Session Title: ARHP Noteworthy Abstracts
Session Type: Abstract Submissions (ARHP)
The Satisfaction with Appearance Scale (SWAP) was originally developed to evaluate body image dissatisfaction (BID) among burn victims, and was later adapted for use in patients with systemic sclerosis (SSc). A short form of the measure (Brief-SWAP) was derived from the full version. Both measures yield factor-analytically derived subscales. Although both versions have been validated for use in SSc, their factor structures have never been compared for use with patients with limited versus diffuse SSc. Because these groups may have very different appearance issues, the purpose of the current study was to determine the comparability of the factor structures of 1) the SWAP and 2) the Brief-SWAP for patients with limited versus diffuse SSc.
Participants were adults participating in the UCLA Scleroderma Quality of Life Study with rheumatologist-diagnosed limited (n = 103) or diffuse (n = 82) SSc. The 14-item SWAP evaluated BID, and the six items that comprise the Brief-SWAP were taken from the full measure. Prior research has shown that the SWAP has four subscales evaluating Social Distress, Facial Features, Non-facial Features, and Perceived Social Impact; the Brief-SWAP has two subscales evaluating Social Discomfort and Dissatisfaction with Appearance. Multiple group confirmatory factor analysis was used to determine if the factor structures of the SWAP and the Brief-SWAP were the same for individuals with limited and diffuse SSc. Both statistical (chi squared [χ2]), and descriptive (RMSEA, CFI, SRMR) indicators of model fit were considered. For RMSEA and SRMR, values < .08 and < .05 were considered to indicate acceptable and good model fit, respectively. For CFI, values > .90, and > .95 were considered to indicate acceptable and good model fit, respectively. A model was determined to fit well if at least two of the three descriptive fit indices met the criteria for acceptable model fit.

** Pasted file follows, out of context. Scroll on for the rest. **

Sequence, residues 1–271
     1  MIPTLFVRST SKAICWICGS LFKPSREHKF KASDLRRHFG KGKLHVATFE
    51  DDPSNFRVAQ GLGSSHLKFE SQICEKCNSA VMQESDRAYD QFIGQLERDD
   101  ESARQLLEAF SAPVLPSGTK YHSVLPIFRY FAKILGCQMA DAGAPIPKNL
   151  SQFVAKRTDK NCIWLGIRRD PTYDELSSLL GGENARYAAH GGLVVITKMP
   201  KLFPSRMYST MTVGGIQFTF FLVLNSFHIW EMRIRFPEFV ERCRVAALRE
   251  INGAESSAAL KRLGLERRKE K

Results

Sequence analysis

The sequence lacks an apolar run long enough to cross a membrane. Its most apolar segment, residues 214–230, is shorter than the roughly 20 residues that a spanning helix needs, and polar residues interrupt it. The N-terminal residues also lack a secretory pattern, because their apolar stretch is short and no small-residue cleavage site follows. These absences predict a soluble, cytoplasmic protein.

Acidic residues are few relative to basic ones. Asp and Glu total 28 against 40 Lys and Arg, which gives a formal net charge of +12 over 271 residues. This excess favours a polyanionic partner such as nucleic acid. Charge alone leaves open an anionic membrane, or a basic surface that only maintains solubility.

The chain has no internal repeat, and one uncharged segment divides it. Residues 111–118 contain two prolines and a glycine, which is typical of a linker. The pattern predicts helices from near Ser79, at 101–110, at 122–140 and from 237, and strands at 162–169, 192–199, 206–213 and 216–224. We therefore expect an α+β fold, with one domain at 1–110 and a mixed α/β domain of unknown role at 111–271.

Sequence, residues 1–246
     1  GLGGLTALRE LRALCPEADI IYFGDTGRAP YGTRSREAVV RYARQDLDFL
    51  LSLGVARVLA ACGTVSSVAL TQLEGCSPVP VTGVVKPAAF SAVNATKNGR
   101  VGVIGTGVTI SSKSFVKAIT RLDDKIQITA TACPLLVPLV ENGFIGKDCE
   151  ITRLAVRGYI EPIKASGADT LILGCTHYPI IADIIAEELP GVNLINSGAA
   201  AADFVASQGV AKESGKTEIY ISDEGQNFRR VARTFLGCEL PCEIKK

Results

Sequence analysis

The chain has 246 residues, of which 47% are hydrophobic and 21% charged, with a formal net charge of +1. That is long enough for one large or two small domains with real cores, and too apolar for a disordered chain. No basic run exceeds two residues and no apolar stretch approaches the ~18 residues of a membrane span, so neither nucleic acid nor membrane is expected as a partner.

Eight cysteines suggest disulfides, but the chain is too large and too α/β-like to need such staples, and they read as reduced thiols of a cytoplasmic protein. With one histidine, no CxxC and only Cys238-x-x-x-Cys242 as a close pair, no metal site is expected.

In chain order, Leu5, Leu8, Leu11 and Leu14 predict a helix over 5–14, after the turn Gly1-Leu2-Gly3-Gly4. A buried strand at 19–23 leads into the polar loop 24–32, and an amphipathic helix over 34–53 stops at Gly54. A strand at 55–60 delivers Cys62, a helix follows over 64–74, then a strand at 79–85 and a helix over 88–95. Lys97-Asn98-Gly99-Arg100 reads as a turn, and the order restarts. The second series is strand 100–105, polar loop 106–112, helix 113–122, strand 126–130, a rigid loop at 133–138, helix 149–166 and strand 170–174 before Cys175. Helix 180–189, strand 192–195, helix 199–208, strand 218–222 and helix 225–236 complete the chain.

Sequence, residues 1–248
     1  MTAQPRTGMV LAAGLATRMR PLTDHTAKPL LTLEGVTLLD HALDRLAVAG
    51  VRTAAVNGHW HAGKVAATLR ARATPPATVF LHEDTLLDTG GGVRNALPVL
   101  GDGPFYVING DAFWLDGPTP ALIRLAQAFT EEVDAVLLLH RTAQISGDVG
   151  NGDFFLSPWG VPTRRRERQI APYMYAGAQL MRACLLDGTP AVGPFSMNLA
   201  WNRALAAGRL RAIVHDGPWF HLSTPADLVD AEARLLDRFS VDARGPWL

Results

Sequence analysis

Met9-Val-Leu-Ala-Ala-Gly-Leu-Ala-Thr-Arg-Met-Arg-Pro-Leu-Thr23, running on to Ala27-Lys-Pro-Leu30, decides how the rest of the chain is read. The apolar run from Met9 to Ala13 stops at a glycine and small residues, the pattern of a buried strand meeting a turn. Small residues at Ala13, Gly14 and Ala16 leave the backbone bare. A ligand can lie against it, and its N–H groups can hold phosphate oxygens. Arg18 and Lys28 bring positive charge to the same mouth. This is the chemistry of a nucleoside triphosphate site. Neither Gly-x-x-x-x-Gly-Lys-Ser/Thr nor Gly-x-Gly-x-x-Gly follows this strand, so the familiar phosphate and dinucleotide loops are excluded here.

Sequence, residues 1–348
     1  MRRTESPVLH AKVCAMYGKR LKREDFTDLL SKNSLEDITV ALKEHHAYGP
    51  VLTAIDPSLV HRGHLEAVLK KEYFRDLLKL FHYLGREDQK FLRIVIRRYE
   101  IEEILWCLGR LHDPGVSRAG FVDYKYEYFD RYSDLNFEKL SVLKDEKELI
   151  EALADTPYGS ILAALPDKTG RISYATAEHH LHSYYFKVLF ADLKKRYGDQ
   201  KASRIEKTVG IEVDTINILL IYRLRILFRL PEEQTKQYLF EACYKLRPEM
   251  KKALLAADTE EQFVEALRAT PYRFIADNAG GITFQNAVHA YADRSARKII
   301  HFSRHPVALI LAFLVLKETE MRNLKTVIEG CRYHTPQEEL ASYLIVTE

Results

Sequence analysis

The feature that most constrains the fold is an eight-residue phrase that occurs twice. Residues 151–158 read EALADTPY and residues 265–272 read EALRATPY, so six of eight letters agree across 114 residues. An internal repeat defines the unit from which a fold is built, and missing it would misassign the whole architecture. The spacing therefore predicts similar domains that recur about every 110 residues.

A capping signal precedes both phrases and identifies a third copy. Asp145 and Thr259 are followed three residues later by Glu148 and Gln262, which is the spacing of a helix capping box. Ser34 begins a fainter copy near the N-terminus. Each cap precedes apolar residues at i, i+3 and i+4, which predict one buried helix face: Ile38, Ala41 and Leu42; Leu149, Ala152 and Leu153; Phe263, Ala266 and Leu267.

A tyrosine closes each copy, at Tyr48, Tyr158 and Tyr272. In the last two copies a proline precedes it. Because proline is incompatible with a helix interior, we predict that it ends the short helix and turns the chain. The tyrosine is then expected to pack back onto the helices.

For the 14-item SWAP, the four factors satisfactorily fit the data from persons with diffuse SSc (χ2 [71, N = 82] = 120.271, p < .001; RMSEA = .092, CFI = .923, SRMR = .075), but not from persons with limited SSc (χ2 [71, N = 103] = 199.547, p < .001; RMSEA = .133, CFI = .873, SRMR = .070), suggesting that the commonly used subscales might not be informative for persons with limited disease. In contrast, for the Brief-SWAP, fit indicators supported the two hypothesized factors for persons with either limited or diffuse disease. Interestingly, the variance in scores on the two factors was greater for persons with limited SSc. This indicated that severity of BID, as measured by the Brief-SWAP, varied more widely in persons with limited disease, versus those with diffuse disease, in the present sample.
The four-factor structure of the 14-item SWAP may not evaluate BID among patients with limited SSc as well as it does among patients with diffuse SSc. Conversely, the two-factor model of the Brief-SWAP, which evaluates Social Discomfort and Dissatisfaction with Appearance, was found to function equivalently across disease subtypes when measuring BID. Therefore, the two-factor structure of the Brief-SWAP can be confidently used to measure body image dissatisfaction in patients with either limited or diffuse SSc.
R. M. Sobel-Fox,
S. D. Mills,
E. L. Merz,
P. J. Clements,
V. L. Malcarne,
Pulmonary Hypertension Association, Scleroderma Foundation,
Actelion, Gilead, Baye, DIGNA,, Roche, BMS, United Therapeutics,
Abbott, Actelion, Amgen, BMS, Gilead, GSK, NIH, Novartis, Pfizer, Roche/Genentech, UCB,
Abbott, Actelion, Amgen, BMS, Janssen, Gilead, GSK, NIH, Novartis, Pfizer, Roche/Genentech, UCB,
Abbott, Actelion, UCB,
« Back to 2013 ACR/ARHP Annual Meeting
ACR Meeting Abstracts - https://acrabstracts.org/abstract/the-validity-of-the-satisfaction-with-appearance-scale-and-the-brief-satisfaction-with-appearance-scale-for-patients-with-limited-and-diffuse-systemic-sclerosis/